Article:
Sign up ×
Stack Overflow is a community of 4.7 million programmers, just like you, helping each other. Join them; it only takes a minute:

Python provides the NLTK library which is a vast resource of text and corpus, along with a slew of text mining and processing methods. Is there any way we can compare sentences based on the meaning they convey for a possible match? That is, an intelligent sentence matcher?

For example, a sentence like giggling at bad jokes and I like to laugh myself silly at poor jokes. Both convey the same meaning, but the sentences don't remotely match (words are different, Levenstein Distance would fail badly!).

Now imagine we have an API which exposes functionality such as found here. So based on that, we have mechanisms to find out that the word giggle and laugh do match in the meaning they convey. Bad won't match up to poor, so we may need to add further layers (like they match in the context of words like joke, since bad joke is generally same as poor joke, although bad person is not same as poor person!).

A major challenge would be to discard stuff that don't much alter the meaning of the sentence. So, the algorithm should return the same degree of matchness between the the first sentence and this: I like to laugh myself silly at poor jokes, even though they are completely senseless, full of crap and serious chances of heart-attack!

So with that available, is there any algorithm like this that has been conceived yet? Or do I have to invent the wheel?

share|improve this question
I looked into this a couple weeks ago. I'm no NLTK expert, but I think you're going to have to invent the wheel or find some fuzzy matching that's been built on top of NLTK. I couldn't find a solution, but I suspect there's something out there. I was looking to enable automatic grading of free form text responses to review questions for test prep. Do post an update if you find anything. – jimhark Feb 13 '13 at 11:35
Sure thing. Will do. I was thinking of some graph-based algo, would it be equal to doing this? – Cupidvogel Feb 13 '13 at 11:59
Guys, before enthusiastically downvoting or voting for closing, at least give an explanation. Just because it is anonymous and anybody can do anything, don't get high-handed.. – Cupidvogel Feb 13 '13 at 13:19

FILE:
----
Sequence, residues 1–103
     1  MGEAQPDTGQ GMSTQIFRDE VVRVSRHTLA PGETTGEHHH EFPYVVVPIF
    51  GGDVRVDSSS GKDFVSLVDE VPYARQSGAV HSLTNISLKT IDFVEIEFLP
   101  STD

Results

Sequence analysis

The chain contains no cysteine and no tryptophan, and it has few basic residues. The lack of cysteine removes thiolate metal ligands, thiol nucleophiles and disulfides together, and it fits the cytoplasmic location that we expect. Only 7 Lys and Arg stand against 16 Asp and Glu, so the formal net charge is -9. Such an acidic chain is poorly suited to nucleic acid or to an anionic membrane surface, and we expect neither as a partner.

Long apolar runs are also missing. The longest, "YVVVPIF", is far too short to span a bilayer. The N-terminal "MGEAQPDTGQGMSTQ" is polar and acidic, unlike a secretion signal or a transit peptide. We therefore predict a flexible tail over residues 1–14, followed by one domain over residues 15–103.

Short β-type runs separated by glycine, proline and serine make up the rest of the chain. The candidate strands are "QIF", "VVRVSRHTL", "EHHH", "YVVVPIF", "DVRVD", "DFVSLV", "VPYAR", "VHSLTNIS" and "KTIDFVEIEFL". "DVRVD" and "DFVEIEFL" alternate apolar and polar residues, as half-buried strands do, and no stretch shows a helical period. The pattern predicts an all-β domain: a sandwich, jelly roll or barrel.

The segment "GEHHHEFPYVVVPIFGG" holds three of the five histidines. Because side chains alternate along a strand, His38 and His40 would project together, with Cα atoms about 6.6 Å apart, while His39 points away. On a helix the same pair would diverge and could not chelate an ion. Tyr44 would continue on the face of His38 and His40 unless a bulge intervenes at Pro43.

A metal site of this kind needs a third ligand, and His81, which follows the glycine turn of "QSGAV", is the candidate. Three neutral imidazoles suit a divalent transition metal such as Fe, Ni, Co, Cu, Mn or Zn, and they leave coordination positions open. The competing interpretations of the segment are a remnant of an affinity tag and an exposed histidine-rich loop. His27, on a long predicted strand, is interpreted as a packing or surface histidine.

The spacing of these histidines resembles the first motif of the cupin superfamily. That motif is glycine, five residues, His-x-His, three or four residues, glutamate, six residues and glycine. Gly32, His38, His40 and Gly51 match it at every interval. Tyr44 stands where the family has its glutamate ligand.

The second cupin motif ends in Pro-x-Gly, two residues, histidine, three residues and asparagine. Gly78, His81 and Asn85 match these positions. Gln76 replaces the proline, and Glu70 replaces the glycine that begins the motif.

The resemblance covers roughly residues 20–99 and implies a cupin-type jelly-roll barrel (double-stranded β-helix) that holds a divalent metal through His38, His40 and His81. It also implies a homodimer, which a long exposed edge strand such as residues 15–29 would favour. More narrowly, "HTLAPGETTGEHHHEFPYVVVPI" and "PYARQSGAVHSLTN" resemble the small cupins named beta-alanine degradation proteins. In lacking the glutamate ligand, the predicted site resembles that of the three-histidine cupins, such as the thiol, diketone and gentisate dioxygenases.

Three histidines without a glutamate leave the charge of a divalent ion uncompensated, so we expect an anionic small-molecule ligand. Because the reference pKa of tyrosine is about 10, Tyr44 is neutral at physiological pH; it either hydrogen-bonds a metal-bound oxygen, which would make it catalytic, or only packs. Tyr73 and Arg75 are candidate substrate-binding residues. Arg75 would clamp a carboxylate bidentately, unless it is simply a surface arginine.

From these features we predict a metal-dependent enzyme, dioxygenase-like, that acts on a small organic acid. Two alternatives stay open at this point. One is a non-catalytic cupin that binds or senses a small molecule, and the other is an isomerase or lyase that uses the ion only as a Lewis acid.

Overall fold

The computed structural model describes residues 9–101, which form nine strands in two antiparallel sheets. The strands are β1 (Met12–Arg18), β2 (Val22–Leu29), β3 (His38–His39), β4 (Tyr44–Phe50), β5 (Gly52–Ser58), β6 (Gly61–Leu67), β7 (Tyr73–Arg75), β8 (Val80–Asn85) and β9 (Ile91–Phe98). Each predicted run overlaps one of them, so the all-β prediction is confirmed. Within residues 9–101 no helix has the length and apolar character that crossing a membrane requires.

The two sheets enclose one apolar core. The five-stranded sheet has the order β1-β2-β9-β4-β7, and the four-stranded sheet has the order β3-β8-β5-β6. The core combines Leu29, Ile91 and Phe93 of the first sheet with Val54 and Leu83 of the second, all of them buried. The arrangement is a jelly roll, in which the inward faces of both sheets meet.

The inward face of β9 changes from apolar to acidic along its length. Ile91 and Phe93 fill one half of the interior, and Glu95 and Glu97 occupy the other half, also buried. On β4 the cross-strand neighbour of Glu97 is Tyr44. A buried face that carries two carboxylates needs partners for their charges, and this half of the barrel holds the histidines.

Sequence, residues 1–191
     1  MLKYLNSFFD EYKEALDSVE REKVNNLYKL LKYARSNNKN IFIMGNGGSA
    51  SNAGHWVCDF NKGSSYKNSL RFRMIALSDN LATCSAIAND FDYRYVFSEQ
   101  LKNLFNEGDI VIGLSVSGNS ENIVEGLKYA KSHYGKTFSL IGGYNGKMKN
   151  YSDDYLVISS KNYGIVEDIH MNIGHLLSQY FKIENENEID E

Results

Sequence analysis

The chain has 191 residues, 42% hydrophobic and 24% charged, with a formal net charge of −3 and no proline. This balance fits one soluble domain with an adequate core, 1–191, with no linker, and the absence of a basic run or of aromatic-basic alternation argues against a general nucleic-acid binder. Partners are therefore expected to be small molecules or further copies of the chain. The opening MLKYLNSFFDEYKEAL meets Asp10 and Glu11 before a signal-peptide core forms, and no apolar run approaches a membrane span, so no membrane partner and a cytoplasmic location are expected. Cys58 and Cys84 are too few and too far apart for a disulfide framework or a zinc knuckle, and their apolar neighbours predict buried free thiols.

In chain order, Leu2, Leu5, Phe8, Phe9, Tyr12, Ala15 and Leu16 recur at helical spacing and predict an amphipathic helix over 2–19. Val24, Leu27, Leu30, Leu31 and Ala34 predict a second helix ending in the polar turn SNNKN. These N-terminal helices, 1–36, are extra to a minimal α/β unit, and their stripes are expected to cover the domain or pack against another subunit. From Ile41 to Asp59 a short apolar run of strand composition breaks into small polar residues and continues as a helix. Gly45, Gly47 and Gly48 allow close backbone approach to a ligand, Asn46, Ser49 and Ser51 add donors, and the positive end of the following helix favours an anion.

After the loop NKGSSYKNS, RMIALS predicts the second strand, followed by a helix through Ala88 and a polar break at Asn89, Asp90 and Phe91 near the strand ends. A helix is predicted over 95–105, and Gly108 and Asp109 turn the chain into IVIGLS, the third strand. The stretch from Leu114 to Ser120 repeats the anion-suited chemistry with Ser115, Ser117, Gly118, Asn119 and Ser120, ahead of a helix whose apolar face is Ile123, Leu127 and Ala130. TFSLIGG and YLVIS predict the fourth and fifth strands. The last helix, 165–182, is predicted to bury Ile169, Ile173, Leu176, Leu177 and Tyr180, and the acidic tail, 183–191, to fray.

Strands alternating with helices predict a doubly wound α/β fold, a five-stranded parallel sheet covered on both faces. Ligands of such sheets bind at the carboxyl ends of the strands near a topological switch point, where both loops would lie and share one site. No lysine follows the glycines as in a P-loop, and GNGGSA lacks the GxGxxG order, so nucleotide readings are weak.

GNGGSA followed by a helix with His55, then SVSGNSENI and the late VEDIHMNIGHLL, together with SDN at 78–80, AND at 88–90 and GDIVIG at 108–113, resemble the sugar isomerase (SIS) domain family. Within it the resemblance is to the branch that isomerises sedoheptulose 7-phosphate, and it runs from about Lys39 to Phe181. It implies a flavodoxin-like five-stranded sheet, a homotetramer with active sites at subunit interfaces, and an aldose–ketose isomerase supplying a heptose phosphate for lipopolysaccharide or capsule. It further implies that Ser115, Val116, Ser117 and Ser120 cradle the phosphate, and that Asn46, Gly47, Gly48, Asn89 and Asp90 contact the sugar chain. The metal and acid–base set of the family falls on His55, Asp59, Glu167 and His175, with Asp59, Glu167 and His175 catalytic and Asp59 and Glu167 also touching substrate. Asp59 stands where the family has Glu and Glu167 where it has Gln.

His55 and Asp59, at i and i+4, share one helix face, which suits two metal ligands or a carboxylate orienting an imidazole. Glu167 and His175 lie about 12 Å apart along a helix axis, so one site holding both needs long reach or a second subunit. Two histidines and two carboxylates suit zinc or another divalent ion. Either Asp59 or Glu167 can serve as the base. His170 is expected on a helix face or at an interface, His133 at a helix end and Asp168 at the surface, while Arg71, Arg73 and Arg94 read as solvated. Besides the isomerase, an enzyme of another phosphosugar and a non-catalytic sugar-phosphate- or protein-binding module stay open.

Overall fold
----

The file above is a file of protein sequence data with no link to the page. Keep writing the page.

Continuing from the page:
NLTK would help you make the graph. But I couldn't find anything ready-made to do fuzzy matching between two graphs, and creating a robust implementation would be nontrivial. – jimhark Feb 13 '13 at 19:16
They both have to do with inexact matching. "Fuzzy logic" came first (1965), so "fuzzy matching" borrowed the word "fuzzy", but I'm not sure how much it borrowed from the formal field of fuzzy logic. By "fuzzy match" is simply meant and inexact match. Specifically I was thinking about matching word stems (plus maybe synonyms) and parts of speech. – jimhark Feb 13 '13 at 19:56

1 Answer 1

You will need a more advanced topic modeling algorithm, and of course some corpora to train your model, so that you can easily handle synonyms like giggle and laugh !

In python, you can try this package : I never used it but it includes classic semantic vector spaces methods like lsa/lsi, random projection and even lda.

My personal favourite is random projection, because it is faster and still very efficient (I'm doing it in java with another library though).

share|improve this answer
Well, that's certainly a mouthful of information! Lemme check... – Cupidvogel Feb 14 '13 at 13:55

Your Answer


By posting your answer, you agree to the privacy policy and terms of service.

Not the answer you're looking for? Browse other questions tagged or ask your own question.